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Re: [aprsisce] Uiflood ss

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  • James Ewen
    ... Okay, back at a real keyboard, and I see that this discussion has gone off the rails... UIFLOOD and UITRACE are routines that were first implemented in the
    Message 1 of 12 , Jan 2, 2011
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      On Sun, Jan 2, 2011 at 2:28 AM, Kai Günter Brandt <kai.brandt@...> wrote:

      > On 01/02/2011 03:24 AM, Lynn W Deffenbaugh (Mr) wrote:
      >> Being a non ??? user, what does UIFLOOD actually DO?  Is it a digipeater
      >> configuration?  A Beacon path configuration?  If the former, what
      >> triggers it and what does it transmit when triggered?

      Okay, back at a real keyboard, and I see that this discussion has gone
      off the rails...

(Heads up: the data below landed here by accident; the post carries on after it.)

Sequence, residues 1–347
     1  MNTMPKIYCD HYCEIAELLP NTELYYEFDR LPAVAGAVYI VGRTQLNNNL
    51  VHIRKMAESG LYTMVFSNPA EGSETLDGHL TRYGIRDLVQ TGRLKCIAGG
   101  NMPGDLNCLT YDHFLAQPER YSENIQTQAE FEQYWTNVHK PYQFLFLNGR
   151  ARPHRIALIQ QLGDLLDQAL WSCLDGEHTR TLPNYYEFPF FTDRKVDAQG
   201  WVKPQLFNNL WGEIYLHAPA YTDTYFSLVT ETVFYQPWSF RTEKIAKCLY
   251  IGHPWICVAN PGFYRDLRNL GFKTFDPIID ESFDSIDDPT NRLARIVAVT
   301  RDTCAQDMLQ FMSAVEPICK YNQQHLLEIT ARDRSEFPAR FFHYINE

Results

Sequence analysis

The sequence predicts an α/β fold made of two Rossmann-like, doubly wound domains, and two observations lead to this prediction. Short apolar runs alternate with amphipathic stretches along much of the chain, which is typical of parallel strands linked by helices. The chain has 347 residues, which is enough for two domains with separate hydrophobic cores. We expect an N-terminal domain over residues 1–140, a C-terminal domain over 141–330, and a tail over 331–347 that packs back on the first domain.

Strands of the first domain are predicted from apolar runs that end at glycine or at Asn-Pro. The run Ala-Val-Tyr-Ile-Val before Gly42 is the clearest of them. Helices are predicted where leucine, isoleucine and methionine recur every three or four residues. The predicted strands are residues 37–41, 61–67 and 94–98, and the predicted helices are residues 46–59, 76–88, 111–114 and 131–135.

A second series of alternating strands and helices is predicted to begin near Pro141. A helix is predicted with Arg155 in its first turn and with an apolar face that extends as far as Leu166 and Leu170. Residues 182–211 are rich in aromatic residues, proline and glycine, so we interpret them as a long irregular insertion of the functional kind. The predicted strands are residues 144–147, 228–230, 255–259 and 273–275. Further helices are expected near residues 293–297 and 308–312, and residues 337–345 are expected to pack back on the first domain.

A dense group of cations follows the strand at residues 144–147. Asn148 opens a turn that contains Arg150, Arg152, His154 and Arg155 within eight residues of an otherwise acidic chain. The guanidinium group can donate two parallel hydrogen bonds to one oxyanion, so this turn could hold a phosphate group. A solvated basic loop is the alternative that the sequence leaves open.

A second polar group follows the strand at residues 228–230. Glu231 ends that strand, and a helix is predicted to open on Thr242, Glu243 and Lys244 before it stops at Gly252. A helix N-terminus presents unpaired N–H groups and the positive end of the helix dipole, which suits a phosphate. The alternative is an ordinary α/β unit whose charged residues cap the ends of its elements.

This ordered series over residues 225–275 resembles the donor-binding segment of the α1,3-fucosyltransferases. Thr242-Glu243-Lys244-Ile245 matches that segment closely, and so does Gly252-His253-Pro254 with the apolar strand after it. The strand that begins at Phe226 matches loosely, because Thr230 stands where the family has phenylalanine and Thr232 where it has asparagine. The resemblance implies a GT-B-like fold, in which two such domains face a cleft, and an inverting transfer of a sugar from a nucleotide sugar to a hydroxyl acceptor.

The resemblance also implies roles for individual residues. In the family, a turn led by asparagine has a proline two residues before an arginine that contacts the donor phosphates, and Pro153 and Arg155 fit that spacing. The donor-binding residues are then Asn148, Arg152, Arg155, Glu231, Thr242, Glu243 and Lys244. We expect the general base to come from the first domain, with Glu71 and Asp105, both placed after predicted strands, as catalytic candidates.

UIFLOOD and UITRACE are routines that were first implemented in the
      Kantronics line of TNCs. They were the first "smart" digipeating
      routines designed to stop packets from ping-ponging between
      digipeaters. As such, all subsequent implementations of these routines
      had to be designed to fit within the design parameters of the

      > i.e in a tracable WIDEn-N network:
      > (UITRACE = WIDE)

      The actual command line would look like

      WIDE being the base alias, and the 30 being the anti-dupe time limit.

      > WIDE1-1,WIDE2-2 is been digipeated as:
      > DIGI1*,WIDE2-2
      > DIGI1,DIGI2*,WIDE2-1
      > DIGI1,DIGI2,DIGI3*

      Kai is close above, but there are a few errors:


      Significant because the used up path is retained, and shown with the
      has-been-digipeated flag on it. UITRACE inserts each digipeater
      callsign immediately before the current path. On the last hop, the
      callsign is inserted and the used up path is marked as used.

      > In a non tracable network:
      > (UIFLOOD = SS )

      Not really a non-traceable network, but more accurately a partially
      traceable network.

      The actual command line would look like

      UIFLOOD SS,30,ID
      SS being the base alias, and the 30 being the anti-dupe time limit,
      and ID enabling the callsign insertion. There's also the option to use
      NOID, where the digipeater callsign was never inserted.

      > SS1-1,SS2-2 is been digipeated as:
      > DIGI1*,SS2-2